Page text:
Clearly the best basketball game of last season was Kobe Bryant's NBA Courtside on the Nintendo 64. Compared to the competition of that year, it had smoother animation, more innovative gameplay features, and the most wicked computer defense the genre had ever seen. Not that any of this mattered to the masses because what the game didn't have was a whole lot of glitz and glamour, which is more commonly associated with the full-motion video-laden NBA Live series that has somehow managed to place a stranglehold on the less-informed for years now. Nonetheless, that hasn't stopped Nintendo from giving Leftfield Productions the green light to make a sequel for their previous underrated title. Reminiscing over the 82-game Courtside season I played through last year (that's right, folks, I made it through the entire thing), complete with all the joys, pains, and highlights, I must admit that I waited for NBA Courtside 2 with great anticipation. Sadly, Courtside 2 did not live up to my expectations.
The main problem is that Courtside 2's attempts to improve upon the original either do not alleviate the old flaws or end up unearthing entirely new ones. For example, foul calls were extremely unbalanced in the original Courtside. While it was easy for human controlled players to draw foul calls guarding a computer opponent, the computer showed an amazing, albeit mechanical, ability to avoid getting fouls called. In Courtside 2, this has been corrected as the computer will now foul with like-frequency as human players do, which makes free-throw shooting as well as dramatic three-point plays much more of a factor in the game. While this adds a vital dimension to a game that previously underrepresented it, it falters because of some glaring bugs in the implementation. The computer will not alter its defense when guarding players shooting from the 3-point perimeter, which results in far too many triple free-throw attempts as well as, the rarest of all, the 4-point play. Plus, the computer intentionally fouls much earlier than necessary and does so almost without consideration for what the score is. Even if I was blowing out the computer by 10 or more points and there were only 30 seconds left, he would still aggressively try to put me on the free-throw line, which only served to needlessly prolong the game and annoy me a whole lot.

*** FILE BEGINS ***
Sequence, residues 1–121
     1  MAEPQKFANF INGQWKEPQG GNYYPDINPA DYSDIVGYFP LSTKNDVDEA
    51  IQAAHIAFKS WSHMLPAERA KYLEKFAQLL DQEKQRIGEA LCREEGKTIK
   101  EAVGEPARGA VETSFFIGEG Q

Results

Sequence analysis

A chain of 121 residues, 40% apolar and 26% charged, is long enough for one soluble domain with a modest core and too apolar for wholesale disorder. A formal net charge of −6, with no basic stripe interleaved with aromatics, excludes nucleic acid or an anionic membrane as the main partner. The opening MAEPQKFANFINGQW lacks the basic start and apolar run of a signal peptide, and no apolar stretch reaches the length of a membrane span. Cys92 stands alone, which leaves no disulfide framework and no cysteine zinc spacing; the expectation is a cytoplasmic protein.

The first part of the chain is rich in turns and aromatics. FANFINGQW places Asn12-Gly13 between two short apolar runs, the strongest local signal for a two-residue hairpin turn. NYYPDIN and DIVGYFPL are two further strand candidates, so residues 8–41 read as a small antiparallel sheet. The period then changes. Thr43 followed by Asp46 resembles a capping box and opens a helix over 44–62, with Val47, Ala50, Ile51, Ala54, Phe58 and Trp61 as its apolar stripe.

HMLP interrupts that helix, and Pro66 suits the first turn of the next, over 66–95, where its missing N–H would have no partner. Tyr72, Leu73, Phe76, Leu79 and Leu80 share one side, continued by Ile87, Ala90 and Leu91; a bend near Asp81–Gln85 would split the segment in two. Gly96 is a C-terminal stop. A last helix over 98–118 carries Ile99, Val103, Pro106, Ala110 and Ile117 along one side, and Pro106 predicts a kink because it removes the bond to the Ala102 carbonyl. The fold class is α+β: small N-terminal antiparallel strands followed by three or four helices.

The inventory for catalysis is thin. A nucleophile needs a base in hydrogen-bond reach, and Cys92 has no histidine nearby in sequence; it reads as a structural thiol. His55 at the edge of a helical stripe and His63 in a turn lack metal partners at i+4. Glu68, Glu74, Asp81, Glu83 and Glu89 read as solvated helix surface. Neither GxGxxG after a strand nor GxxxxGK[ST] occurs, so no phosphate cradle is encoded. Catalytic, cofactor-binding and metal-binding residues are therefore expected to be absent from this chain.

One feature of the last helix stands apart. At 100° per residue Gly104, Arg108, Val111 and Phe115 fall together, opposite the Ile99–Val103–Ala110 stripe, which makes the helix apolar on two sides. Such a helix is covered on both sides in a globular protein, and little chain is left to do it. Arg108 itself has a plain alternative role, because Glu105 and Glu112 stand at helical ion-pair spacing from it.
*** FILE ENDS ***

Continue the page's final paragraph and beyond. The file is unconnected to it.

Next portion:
Another problem with the original Courtside was the relative ease with which looming defenders could block shots (often with the aid of a bug that allowed players to stay wondrously afloat). Again, this has been corrected in the sequel and now makes blocking shots a much less predictable endeavor and makes stopping players driving into the paint much more difficult. This seemed like a welcome adjustment at first, but after prolonged play, I found that trying to stop a marauding offensive player in transition to be nearly impossible. Plus, there apparently is a newer bug, which allows computer-controlled players posting up in the paint to do physics-defying moves that begins fading away from the hole just to then magically gravitate back towards it! Without the overly effective blocking, I was left at the mercy of the computer's offense and trying to stop such moves became a very aggravating experience.
Other bugs that plagued the original have apparently, and disappointingly, stuck around for the sequel. Pump-faking on jump shots still behaves too inconsistently to actually incorporate into the offensive fold. Aggressively harassing computer players when they are bringing the ball upcourt will cause them to freeze up resulting in 10-second violations. Plus, the computer can still magically dominate the boards off of free throws, which then leads to the annoying, second-chance opportunities.